Sharing of chief minister's post was promised, Uddhav Thackeray insists
Addressing the media post Fadnavis's resignation, Thackeray says he was hurt that the BJP tried to portray him as a liar.
Asserting that he has given a word to his father to have a party chief minister, Shiv Sena chief Uddhav Thackeray said he did not need BJP leaders Amit Shah and Devendra Fadnavis to fulfill the promise. He also accused BJP leaders of saying that he had lied on talks about power-sharing and said he will not tolerate it.
Addressing a press conference soon after Chief Minister Devendra Fadnavis submitted his resignation, Thackeray said the whole world knows that the Sena chief and his son cannot speak lies and he does not need a certificate.
He indicated that his party would be open to seek the support of NCP and Congress in forming a government. "I had promised Balasaheb that there will be a Sena chief minister one day, and I will fulfill that promise, I don't need Amit Shah and Fadnavis for that," he said. "It is very sad that while cleaning the Ganga their minds became polluted. I felt bad that we entered into an alliance with the wrong people," he said. "We had never closed the doors for discussion, they (BJP) lied to us so we did not talk to them. We have not yet held talks with the NCP," he added.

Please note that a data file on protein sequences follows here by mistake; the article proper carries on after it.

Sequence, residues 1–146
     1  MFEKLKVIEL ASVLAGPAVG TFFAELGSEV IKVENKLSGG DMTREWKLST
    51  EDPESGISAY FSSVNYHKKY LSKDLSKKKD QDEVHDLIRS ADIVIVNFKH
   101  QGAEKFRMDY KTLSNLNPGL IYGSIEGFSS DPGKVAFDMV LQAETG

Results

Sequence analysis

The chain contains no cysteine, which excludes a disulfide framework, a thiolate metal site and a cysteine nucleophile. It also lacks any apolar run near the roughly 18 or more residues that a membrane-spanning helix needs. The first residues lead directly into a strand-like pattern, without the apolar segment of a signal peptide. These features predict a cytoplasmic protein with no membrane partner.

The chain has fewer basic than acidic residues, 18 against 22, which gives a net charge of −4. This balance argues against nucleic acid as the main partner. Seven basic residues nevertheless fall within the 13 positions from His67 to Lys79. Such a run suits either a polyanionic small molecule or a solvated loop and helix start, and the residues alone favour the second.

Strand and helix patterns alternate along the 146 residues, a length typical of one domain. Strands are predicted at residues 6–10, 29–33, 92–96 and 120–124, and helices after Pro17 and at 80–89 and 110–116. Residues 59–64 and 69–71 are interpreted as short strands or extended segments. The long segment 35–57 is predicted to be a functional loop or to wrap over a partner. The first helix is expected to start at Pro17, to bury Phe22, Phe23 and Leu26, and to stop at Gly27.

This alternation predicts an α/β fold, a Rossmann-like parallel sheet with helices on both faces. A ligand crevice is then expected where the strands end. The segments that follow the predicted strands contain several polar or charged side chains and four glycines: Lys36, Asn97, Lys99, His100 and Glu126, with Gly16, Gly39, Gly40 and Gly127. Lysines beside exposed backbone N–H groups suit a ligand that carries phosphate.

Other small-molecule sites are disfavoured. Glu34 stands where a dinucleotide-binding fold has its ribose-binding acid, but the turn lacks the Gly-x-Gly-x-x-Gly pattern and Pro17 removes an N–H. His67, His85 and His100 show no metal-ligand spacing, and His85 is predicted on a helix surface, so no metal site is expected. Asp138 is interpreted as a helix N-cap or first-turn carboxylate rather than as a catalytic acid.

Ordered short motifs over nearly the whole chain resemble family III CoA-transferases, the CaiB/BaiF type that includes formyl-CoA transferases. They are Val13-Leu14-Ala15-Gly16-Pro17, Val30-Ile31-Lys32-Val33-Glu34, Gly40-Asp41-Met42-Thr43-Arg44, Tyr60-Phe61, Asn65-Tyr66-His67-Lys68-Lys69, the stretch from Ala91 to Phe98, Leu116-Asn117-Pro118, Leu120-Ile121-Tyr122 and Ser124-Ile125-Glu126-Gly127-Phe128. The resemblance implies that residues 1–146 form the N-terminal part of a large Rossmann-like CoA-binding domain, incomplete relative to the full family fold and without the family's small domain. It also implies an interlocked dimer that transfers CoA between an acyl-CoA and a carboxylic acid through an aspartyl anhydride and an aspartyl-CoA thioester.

In a letter to CP, Sanjay Barve, Sena stated that they have shifted its elected representatives and Independent MLAs from Bandra Rangsharda Hotel to Retreat Hotel in Madh, Malad West. They would stay in the resort from November 8 to 15. The party has also sought police protection for them. The letter further states that the MLAs have been shifted to one place as the party chief might hold meetings with them whenever needed.
Lift kara de!
It was all happening at the Rangsharda hotel in Bandra West on Friday evening. As Sena legislators were holed up in the hotel, Shiv Sainiks milled around the hotel lobby in the afternoon. After a few minutes, a large group of MLAs got into the escalator, to go to the hotel restaurant for lunch. It turned out that too many MLAs had entered the lift though, setting off a wailing alarm. The lift was stuck. Someone could be heard shouting, "Get the key," as they tried to prise open the lift doors. After a few minutes the lift key was brought and the doors opened. A wit remarked, 'this jam was easier to open than the political crisis'.
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